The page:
It is not as wet around here this month as it was last month. We have still had measurable precipitation each day, but the daily volume is down to only a few hundredths each day rather than inches. The ground is still saturated and a muddy mess, but at least the standing puddles are not as deep as they were. Two big things were planned for this day. One, the bull that had been sold last week was going to be picked up and Two, the calves that have the green weaner clips installed across the river needed to be moved into the space in my show barn where the sold bull was penned.

I had to give you that setup in order to visualize how the day went yesterday. We were scheduled to have the bull buyer arrive sometime between 9 and 10am with his stock trailer to pick up #43 HeartThrob. You may remember, he was born on Valentine’s Day last year (hence his name). Since the road to the show barn where we housed HeartThrob for the night is fraught with deep muck, we attached our trailer to our tractor to load him. Once loaded, we planned to back the trailers together in the driveway with the back doors open to create a ramp for HeartThrob to walk from our trailer to his new owner’s trailer. Continue reading

Five More Ear Tagged

Cows in barnOur main herd of cows across the river have been giving us clues that it is time to move them to new grazing areas. Some of the more mature, senior cows stand at the fence line longingly looking toward greener pastures. But before we moved the herd there was a little housekeeping in the veterinary sense that needed to be taken care of. The older calves have ear tags already and now there are five more that are old enough to get their own number. Continue reading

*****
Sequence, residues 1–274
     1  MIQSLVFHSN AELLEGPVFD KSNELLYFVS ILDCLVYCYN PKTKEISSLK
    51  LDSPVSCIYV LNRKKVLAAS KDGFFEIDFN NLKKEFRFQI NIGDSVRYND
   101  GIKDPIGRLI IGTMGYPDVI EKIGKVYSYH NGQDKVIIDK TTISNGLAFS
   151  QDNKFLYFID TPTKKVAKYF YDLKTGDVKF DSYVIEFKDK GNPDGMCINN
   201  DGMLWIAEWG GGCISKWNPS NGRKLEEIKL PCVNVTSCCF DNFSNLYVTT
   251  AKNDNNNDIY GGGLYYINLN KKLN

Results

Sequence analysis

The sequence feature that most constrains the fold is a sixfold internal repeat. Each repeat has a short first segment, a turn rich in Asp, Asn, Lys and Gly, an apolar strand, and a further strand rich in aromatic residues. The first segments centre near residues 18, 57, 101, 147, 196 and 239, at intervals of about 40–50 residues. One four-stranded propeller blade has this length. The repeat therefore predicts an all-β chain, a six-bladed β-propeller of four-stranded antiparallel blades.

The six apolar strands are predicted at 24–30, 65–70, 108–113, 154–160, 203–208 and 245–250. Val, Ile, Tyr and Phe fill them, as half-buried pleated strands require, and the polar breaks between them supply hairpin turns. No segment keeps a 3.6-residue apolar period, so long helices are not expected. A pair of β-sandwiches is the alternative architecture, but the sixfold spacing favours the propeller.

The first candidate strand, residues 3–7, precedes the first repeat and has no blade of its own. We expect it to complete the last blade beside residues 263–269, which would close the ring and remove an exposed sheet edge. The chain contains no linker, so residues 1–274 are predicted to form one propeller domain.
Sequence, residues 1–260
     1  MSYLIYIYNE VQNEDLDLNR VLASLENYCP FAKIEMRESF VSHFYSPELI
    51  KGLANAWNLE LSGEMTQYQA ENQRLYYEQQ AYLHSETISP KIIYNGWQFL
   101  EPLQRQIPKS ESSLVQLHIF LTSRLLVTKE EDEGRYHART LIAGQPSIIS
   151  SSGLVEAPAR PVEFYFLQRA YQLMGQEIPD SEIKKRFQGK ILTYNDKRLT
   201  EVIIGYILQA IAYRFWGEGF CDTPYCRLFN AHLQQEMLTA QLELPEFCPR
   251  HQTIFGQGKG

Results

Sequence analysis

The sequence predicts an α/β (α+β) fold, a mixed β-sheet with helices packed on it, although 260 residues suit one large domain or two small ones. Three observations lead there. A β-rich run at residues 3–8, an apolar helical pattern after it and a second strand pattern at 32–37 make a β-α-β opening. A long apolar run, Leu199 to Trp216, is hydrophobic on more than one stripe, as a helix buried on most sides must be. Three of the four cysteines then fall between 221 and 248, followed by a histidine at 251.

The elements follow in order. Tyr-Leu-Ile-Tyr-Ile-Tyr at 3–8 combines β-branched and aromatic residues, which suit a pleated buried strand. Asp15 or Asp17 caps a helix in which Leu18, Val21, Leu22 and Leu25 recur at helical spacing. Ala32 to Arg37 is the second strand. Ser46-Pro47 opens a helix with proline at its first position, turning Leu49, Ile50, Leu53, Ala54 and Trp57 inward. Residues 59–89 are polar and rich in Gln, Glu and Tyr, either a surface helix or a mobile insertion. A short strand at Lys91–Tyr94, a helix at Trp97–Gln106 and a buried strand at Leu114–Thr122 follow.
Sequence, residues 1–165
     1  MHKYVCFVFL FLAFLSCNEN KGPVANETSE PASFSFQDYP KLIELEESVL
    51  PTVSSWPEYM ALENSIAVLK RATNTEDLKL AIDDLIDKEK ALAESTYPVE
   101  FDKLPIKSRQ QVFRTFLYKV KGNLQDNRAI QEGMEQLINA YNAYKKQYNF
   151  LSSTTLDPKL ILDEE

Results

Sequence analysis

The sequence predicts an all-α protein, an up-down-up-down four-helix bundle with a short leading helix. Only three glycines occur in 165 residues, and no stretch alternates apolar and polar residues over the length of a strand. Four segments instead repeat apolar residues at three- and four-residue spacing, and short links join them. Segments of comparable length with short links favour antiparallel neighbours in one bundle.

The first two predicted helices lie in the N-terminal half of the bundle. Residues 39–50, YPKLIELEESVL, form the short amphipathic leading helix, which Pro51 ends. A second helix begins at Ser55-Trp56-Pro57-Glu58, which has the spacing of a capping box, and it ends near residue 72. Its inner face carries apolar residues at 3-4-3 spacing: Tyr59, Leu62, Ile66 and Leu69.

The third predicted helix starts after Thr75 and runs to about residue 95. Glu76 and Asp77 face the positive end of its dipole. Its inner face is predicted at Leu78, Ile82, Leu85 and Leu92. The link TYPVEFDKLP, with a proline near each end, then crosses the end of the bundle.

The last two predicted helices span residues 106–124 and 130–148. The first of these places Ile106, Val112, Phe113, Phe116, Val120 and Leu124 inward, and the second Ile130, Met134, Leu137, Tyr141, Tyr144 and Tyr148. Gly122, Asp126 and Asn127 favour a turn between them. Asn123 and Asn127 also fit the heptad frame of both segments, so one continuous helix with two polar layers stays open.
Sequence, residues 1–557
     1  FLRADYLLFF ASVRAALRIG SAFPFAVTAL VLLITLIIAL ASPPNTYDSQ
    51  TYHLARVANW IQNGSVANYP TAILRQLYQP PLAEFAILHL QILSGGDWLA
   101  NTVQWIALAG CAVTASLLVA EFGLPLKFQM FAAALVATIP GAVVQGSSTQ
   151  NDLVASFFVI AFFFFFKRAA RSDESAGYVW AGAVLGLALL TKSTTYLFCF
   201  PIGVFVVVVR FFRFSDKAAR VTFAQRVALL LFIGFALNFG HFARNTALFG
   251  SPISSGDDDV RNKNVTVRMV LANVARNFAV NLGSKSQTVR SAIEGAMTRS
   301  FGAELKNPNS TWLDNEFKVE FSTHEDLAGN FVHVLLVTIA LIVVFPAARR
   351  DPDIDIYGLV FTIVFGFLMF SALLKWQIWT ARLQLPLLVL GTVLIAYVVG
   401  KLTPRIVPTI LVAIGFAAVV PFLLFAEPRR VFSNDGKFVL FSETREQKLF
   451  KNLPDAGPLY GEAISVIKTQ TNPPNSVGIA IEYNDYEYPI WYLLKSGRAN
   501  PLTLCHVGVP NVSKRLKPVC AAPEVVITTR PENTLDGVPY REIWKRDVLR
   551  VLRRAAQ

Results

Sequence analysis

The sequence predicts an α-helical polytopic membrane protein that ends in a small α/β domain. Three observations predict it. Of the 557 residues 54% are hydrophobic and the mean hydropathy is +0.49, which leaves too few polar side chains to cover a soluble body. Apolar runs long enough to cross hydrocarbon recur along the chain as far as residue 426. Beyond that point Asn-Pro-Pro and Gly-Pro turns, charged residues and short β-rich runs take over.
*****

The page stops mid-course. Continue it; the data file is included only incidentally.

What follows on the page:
Pressure and Pirelli

Pressure had a bull calf we named Pirelli,  born 3/26/2017 and he weighed 75 lbs.

A Black Angus cow eating hay with newborn calf laying close by.It was a miserable rainy day, but when we found Pressure and her baby, she had him all cleaned off, fed, and laying down for a nap.

Rather than disturb the new baby, we gave Pressure a couple of slabs of sweet grass hay next to the fence and under a large fir tree so the rain wasn’t too uncomfortable for the pair.

Pirelli, didn’t rouse from his nap and Pressure was able to get filled up before settling down next to the baby for a needed rest.

By the next morning, Pressure had moved Pirelli across the field by the hillside which gave the little one even more protection from the weather. Once the rain let up, she moved Pirelli out to the middle of the field and in with the main herd.